- On track for a record-breaking career
- Around the world – four times over
- The world-record run by the E 320 CDI
The start of the world-record run on April 1st, 2005, marked the beginning of one of the toughest tests ever inflicted on a standard-production vehicle. Long-distance world-record attempts are nothing new, but no manufacturer has ever dared to go for a record with three diesel-powered vehicles over a distance of 100,000 miles (160,934 kilometres) each. The figures associated with the test bring home the daunting scale of the event: 100,000 miles covered at an average speed in excess 139,699 mph (224,823 km/h), 24 hours a day for 30 days.
Adding up the distances covered by all three cars gives an impressive total of 300,000 miles (482,802 kilometres) – one-and-a-quarter times the distance from the Earth to the Moon. In order to lend the record runs additional authority, Mercedes-Benz used three E 320 CDI models whose only distinguishing features consisted of red, green and blue markings with similarly coloured front fog lamps. The fact that no fewer than three cars managed the record distance is a clear indication of how reliable the current E-Class is. The vehicles were driven by three teams of six drivers, with each driver taking the wheel for about 2 hours, 10 minutes between refuelling stops. Servicing, involving the replacement of operating fluids and wear parts, was performed as usual in accordance with the service intervals. Each vehicle required servicing 10 times in the course of the entire record run.
The world-record run was supervised by the FIA,* which sets and enforces strict rules for tests of this kind. The participating vehicles were selected at DaimlerChrysler’s Sindelfingen plant before they even left the production line by FIA officials who sealed them before they were shipped to the USA. Before, during and after the record run, the test vehicles were monitored continuously by the FIA until the world record was recognised officially. In accordance with the globally recognised regulations, the extent of any repairs which may be performed is limited and the replacement of entire assemblies such as the engine, transmission or exhaust system is not allowed. The test vehicles had no difficulty in meeting these requirements as no faults occurred during the record run. In addition to numerous class records, the three six-man driver teams also set new world records for 50,000 miles at 140.092 mph (225.456 km/h) and for 100,000 miles at 139,699 mph (224.823 km/h). **Dramatic climatic variations, with temperatures up to 45°C (113° F) and the continuous vibration caused by the uneven road surface provided additional challenges for the vehicles. This ordeal proved the durability of the new, 165 kW/224 hp V6 CDI diesel engine as well as the seven-speed 7G-TRONIC automatic transmission. This world-record run allows premium manufacturer Mercedes-Benz to demonstrate once again that today’s diesel engines are among the most advanced drive systems available. Among those who became convinced by the new V6 CDI powerplant was Brendan Gaughan, who last season drove in the most successful US racing series, the NASCAR Nextel Cup. “For a diesel to manage a distance of four times round the world at an average speed of 139.699 mph is fantastic. What impressed me, in addition to this sporting achievement, was its great smoothness and comfort – both were on a par with a V8 gas engine.”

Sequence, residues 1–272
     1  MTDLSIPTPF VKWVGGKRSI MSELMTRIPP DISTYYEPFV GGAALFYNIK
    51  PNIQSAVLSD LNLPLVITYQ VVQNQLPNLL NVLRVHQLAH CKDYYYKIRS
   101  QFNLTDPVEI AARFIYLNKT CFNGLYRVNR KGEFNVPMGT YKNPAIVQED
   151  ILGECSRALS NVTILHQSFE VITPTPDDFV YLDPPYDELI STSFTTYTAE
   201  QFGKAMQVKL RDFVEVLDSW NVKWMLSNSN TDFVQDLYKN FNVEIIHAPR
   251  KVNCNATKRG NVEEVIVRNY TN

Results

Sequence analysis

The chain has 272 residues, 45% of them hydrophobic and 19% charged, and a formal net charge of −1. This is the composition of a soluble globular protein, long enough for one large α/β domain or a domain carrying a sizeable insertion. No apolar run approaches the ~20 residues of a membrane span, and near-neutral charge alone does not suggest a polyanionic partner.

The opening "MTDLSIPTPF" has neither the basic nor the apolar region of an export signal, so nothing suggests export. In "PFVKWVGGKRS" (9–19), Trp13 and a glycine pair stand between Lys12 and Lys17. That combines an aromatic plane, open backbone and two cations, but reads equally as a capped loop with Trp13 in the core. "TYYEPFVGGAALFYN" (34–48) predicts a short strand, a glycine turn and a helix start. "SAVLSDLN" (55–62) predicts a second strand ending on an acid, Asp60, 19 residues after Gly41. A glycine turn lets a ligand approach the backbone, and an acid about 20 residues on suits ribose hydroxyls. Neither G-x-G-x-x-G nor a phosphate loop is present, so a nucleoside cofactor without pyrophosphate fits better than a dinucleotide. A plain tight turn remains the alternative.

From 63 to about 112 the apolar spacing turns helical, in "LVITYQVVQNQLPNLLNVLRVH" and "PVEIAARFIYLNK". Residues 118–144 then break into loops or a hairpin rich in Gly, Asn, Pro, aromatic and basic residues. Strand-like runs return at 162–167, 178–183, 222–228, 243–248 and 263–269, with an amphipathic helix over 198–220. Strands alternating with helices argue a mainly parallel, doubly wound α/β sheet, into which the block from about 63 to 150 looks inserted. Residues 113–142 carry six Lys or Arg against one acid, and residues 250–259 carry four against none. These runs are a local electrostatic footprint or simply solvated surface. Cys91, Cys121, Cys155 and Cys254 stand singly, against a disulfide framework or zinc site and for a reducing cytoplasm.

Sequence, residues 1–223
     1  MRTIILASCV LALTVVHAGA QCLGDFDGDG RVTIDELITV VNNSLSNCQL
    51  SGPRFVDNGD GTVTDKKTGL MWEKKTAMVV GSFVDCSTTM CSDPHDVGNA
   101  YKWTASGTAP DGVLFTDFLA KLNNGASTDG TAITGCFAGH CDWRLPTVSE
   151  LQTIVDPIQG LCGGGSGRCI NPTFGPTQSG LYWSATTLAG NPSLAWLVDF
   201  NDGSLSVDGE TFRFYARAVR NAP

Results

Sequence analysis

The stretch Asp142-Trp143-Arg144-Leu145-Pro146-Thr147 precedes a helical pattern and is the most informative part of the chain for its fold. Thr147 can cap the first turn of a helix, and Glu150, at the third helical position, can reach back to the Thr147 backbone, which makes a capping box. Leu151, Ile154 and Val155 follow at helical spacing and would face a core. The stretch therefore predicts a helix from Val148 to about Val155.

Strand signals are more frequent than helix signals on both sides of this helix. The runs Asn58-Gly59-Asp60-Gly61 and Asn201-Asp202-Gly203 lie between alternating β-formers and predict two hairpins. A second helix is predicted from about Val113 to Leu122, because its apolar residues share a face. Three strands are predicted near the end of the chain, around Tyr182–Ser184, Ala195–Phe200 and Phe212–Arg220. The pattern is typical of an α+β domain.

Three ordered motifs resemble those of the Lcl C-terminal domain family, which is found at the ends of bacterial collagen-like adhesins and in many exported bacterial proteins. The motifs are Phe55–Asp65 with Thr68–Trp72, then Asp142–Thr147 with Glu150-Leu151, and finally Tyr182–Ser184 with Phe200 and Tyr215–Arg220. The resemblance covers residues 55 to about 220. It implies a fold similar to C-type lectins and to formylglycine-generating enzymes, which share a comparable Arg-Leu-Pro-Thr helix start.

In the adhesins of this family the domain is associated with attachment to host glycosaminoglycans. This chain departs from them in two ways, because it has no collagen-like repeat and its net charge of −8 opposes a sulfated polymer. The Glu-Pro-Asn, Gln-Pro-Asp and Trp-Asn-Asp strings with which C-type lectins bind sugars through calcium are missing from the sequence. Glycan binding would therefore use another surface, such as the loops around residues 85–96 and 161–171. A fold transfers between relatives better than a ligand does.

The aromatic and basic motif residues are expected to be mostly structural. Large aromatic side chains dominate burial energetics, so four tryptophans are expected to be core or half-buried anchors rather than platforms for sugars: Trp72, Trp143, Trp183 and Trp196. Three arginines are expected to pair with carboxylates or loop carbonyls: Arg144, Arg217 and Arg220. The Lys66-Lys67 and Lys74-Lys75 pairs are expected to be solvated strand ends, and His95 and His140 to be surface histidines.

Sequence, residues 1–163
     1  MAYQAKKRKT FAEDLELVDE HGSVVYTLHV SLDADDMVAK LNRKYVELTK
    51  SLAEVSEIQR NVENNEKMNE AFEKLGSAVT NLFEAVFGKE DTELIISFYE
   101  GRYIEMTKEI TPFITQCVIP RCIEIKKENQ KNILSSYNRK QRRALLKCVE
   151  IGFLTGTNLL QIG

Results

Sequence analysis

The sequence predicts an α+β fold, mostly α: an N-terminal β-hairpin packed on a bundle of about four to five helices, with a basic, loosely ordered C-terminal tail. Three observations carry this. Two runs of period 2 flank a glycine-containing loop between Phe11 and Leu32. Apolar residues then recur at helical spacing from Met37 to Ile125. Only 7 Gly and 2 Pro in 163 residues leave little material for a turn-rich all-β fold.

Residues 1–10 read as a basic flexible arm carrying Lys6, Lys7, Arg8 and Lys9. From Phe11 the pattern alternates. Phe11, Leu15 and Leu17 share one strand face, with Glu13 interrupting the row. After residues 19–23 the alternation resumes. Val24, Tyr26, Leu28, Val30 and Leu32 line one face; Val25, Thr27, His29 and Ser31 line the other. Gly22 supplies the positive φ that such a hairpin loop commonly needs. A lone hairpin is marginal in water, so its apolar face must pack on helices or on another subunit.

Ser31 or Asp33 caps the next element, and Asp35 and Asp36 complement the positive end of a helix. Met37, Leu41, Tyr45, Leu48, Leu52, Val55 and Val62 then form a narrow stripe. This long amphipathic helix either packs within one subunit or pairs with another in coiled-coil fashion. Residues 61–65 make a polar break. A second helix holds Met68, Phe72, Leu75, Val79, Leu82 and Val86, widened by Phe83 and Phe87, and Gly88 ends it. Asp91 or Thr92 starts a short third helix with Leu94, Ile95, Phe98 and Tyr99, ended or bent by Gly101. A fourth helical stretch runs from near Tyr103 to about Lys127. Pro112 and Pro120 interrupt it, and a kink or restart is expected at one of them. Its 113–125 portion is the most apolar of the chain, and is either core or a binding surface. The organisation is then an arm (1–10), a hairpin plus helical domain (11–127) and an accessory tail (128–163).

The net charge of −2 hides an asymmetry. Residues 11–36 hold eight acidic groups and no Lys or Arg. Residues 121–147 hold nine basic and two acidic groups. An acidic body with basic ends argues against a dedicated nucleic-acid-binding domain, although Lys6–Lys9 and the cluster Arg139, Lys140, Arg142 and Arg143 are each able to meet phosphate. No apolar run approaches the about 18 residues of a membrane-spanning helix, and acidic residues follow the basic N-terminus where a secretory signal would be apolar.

May 1st, 2005 saw the vehicles cross the finish line and take their well-deserved place in the record books. Like a high-precision Swiss watch mechanism, the E 320 CDI models did all that was asked of them without any problems. The most outstanding aspect of this record run is that the 100,000 miles (160,934 kilometres) were covered at an average speed of 224.823 km/h (139.699 mph). Mercedes-Benz succeeded in breaking all 22 of the international FIA records which it had set out to break.
As well as offering superb performance and excellent quality, these vehicles are also outstandingly economical. The fuel consumption figure of 40 mpg achieved by the E 320 CDI under normal driving conditions is unrivalled by any vehicle in its competitive segment in the USA. Furthermore, the Mercedes-Benz engineers have successfully used effective emission control systems to satisfy the strict exhaust emission standards set by the EPA. Through the use of the latest technology it will in future be possible to comply with the Californian CARB (California Air Resources Board) legislation – the strictest in the world – which currently applies in five states. In view of the dramatic rise in fuel prices, US President George W. Bush last week announced a programme to develop more fuel-efficient, low-emission vehicles. Together with hybrid vehicles, “clean diesel” models like the Mercedes-Benz E 320 CDI are to be promoted by means of tax incentives to the tune of $ 2.5 billion over the next few years.